Worrying numbers from a government conference in Washington DC this week:
Obese Americans — those who are 30 or more pounds over a healthy weight — cost the country an estimated $147 billion in weight-related medical bills in 2008, double what it was a decade ago, a new study shows.
Overall, an obese patient has $4,871 in medical bills a year compared with $3,442 for a patient at a healthy weight.
The Center for Disease Control and the Robert Wood Johnson Foundation are sharing alarming findings with elected and appointed public policy makers as well as federal, state and local public health leaders in a 3 day conference dedicated to obesity prevention.
What you need to know:
The percentage of obese adults in the US grew from 15% in 1980 to 34% in 2006 (more than double).
About 34% of adults — more than 72 million — in the USA were obese in 2006, up from 23% in 1994, according to government data. Two-thirds of people in this county are overweight or obese. Obesity increases the risk of heart disease, diabetes, several types of cancer and other diseases.
Clearly, something is broken with the system that feeds us.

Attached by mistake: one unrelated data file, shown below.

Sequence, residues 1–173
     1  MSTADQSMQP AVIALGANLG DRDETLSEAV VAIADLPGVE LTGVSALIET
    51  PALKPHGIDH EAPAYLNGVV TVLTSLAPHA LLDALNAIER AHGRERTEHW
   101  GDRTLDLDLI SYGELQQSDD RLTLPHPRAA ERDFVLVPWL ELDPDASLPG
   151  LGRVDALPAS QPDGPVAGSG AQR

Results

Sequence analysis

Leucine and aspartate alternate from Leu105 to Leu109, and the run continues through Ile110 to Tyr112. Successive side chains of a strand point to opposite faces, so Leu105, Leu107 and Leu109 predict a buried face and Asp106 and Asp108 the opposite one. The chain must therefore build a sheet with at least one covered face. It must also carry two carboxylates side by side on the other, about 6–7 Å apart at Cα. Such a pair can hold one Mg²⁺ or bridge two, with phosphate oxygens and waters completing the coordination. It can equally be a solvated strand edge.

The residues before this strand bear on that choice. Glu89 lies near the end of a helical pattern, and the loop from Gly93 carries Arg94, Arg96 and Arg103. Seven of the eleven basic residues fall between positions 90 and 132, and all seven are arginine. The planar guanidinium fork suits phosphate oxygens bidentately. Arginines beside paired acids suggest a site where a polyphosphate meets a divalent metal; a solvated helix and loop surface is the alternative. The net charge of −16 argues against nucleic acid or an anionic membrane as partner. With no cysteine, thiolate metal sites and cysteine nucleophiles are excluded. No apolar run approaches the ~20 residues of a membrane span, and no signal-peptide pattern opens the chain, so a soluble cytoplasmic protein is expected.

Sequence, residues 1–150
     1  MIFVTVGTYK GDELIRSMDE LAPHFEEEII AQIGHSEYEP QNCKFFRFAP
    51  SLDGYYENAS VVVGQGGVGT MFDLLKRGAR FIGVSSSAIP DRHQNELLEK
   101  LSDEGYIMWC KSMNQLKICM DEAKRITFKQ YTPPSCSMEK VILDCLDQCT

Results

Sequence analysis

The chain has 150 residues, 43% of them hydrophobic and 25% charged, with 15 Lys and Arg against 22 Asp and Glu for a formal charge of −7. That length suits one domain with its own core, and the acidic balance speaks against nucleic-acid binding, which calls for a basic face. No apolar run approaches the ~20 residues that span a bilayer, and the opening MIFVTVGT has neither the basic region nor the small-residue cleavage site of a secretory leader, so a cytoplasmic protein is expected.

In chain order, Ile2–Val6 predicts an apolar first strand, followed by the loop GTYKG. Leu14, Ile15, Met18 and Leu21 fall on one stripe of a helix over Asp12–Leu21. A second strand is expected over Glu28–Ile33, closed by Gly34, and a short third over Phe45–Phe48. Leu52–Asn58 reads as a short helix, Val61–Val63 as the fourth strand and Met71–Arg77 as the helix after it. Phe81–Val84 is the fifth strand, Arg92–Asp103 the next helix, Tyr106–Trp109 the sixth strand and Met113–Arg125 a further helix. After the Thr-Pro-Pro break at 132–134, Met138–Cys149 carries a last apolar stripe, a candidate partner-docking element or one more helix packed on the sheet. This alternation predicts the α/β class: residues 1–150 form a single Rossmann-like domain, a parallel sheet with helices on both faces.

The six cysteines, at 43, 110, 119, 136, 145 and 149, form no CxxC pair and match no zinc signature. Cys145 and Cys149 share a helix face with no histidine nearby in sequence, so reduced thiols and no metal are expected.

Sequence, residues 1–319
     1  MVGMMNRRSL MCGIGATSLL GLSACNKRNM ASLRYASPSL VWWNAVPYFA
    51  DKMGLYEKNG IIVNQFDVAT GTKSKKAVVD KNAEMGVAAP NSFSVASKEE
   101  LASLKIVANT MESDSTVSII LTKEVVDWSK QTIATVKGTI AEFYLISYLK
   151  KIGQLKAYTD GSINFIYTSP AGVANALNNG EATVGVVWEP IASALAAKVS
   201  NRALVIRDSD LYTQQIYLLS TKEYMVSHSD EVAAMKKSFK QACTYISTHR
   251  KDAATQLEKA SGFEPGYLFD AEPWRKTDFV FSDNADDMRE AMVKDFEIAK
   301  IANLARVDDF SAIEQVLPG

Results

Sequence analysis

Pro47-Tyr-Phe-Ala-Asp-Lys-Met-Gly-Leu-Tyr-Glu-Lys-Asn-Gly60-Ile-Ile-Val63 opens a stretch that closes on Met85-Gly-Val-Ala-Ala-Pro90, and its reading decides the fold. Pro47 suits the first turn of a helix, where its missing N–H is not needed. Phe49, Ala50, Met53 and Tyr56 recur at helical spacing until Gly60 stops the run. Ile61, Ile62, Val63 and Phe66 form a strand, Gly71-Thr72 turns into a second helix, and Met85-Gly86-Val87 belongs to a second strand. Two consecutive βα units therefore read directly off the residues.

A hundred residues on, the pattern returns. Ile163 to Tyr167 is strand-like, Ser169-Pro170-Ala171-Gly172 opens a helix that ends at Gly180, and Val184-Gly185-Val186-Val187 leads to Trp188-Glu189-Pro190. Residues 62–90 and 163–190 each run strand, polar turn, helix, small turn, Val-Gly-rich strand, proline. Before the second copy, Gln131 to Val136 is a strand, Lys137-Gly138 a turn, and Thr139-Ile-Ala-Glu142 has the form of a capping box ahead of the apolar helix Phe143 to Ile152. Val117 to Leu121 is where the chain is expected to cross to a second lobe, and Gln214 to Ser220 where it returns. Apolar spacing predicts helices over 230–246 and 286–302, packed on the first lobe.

What does this have to do with President Obama’s health care reform, all over the news these days?
The reform is an important overhaul no doubt. With costs soaring, and health care becoming a luxury instead of a basic right for many Americans, there are many corrections required.
One of the ways to improve health care is through prevention. For example, preventing obesity.
This means stepping up to the collective plate and taking some radical steps:
For one, aligning the price of junk food with its real cost. Not the cost at the cash register, but the cost 20 years down the line at the hospital. (If you are thinking Soda Tax, this is just one option. Another is eliminating silly subsidies for corn that have flooded the market with high fructose corn syrup, and extra fat livestock).
Another measure is substantially restricting junk food advertising to children.
Lastly, the government can mandate clear, easy to understand food labels. Today’s labels are confusing. They allow manufacturers to obfuscate the true nutritional quality of a processed food item through flimsy health claims and marketing hype.
What to do at the supermarket:
Don’t hold your breath waiting for the government to help you. While you can certainly have your voice heard by writing to your state and federal representatives, a much more effective tool is to vote with your pocketbook.
Vote at the supermarket by choosing unprocessed foods such as fresh fruits and vegetables, low fat dairy and meat, and whole grains.
Vote by limiting your spending on junk foods.
Vote by cutting your spending on soft drinks to zero.
You’ll not only improve your health almost immediately, you’ll save yourself $1400 per year in health care costs down the road.
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